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Ticked off, but hopefully it was just an anomaly

May 23, 2018
By JOE HACKETT - Outdoors Columnist (tahawus@northnet.org) , Lake Placid News

As a result of my chosen occupation, l tend to spend a fair share of time outside - hiking, paddling, fishing or simply enjoying the outdoors.

Despite the many natural and man-made threats that outdoor travels may present - everything from foul weather, foul mouths and unruly kids to bees, bears, black flies and more - I have managed to remain upright and relatively sound of both heart and soul after spending a long career in the outdoors.

l will admit that there have been a few occasions when the weather was lousy, the guests were rude and the natural pests were unrelenting. While I may have questioned my own sanity at such times, I have never questioned my choice of profession. It has suited me well, especially at this time of year.

In less time than it takes me to type this sentence, it appears spring has sprung. The usual rainy weather is back, and so are the bugs. The trails are wet and muggy, while the streams and rivers remain quite manageable for paddlers and anglers alike.

In the spring woods, wild flowers such as Showy Lady Slippers, Painted Trillium and Jack in the Pulpit have added some color to the gloomy forest floor.

On the mountainsides, the annual long white veils of snowmelt have again created incredible waterfalls that captivate our senses as they clear the air.

At such times, the woods and waters exhibit extraordinary curative properties, which remain relatively untapped by the majority of local travelers.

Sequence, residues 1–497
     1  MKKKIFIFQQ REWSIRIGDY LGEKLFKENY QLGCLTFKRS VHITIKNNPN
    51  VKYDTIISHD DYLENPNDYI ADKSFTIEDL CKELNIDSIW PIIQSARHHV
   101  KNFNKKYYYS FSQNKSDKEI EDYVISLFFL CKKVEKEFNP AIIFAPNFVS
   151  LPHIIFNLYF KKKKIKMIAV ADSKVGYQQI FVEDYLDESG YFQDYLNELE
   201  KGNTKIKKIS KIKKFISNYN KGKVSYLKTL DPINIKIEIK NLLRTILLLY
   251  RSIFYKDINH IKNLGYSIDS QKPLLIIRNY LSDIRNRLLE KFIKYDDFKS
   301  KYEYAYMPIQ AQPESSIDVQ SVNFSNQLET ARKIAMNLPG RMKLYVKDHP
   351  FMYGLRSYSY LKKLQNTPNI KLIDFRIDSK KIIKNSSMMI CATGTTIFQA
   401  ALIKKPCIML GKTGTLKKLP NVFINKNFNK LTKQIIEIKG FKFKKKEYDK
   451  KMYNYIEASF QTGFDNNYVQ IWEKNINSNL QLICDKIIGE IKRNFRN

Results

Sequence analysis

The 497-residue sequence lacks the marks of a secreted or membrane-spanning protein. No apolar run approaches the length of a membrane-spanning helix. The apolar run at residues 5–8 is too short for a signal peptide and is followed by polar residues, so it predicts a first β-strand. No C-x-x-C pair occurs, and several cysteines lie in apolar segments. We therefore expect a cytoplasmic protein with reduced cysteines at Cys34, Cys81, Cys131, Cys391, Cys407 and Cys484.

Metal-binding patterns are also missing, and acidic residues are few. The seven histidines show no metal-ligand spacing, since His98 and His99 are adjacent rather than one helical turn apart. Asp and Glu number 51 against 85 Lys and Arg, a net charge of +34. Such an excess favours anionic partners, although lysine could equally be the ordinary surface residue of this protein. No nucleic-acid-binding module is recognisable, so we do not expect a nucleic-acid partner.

Over the past few days, I have traveled the local woods and waters extensively, primarily seeking opportunities for brook trout on the ponds.

While the brookies were decidedly not interested in anything I sent their way on the ponds, they proved ravenous on the streams. In fact, I watched as two young anglers landed a fine mess of brookies from a small stream just a stone's throw from my house.

Watching the boys fish, I was reminded of the old adage: "lf you fish with your kids, you'll never have to fish for them!"

In the course of my regular travels, l also had the misfortune to travel on a canoe carry that took me through a tight section of hardwood saplings in the Lake Clear area.

I was hauling the boat on wheelies and was forced to go through some thick patches of trees that had been bowed over from the winter snows.

After crashing through the mess, we stopped to regroup and rest a minute. As I slugged on my water bottle, I noticed what appeared to be pepper sprinkled on the back of my hand. l attempted to brush it off, but l couldn't because it was a nest of ticks.

By the time I yanked off my shirt, there were already a number of the damn ticks on my neck and shoulders. And I must admit, they were not easy to remove.

In all my years tromping the local woods, I have never had a problem with ticks. I don't know if it was a freak incident or a sign of more to come, but l will certainly pay more attention to the possibility of ticks in the future.

I also discovered that they are very difficult to remove. I would be interested to learn if the experience was an anomaly or if it was a warning of what is yet to come.

I did not have any ticks on my legs, but they were all over my head, back and torso. I was also surprised at how quickly they got attached to me.

On future outings, l will be more careful to avoid providing any openings for ticks to attach. All of a sudden black flies, horseflies and deer flies don't seem so bad.

 
 

 

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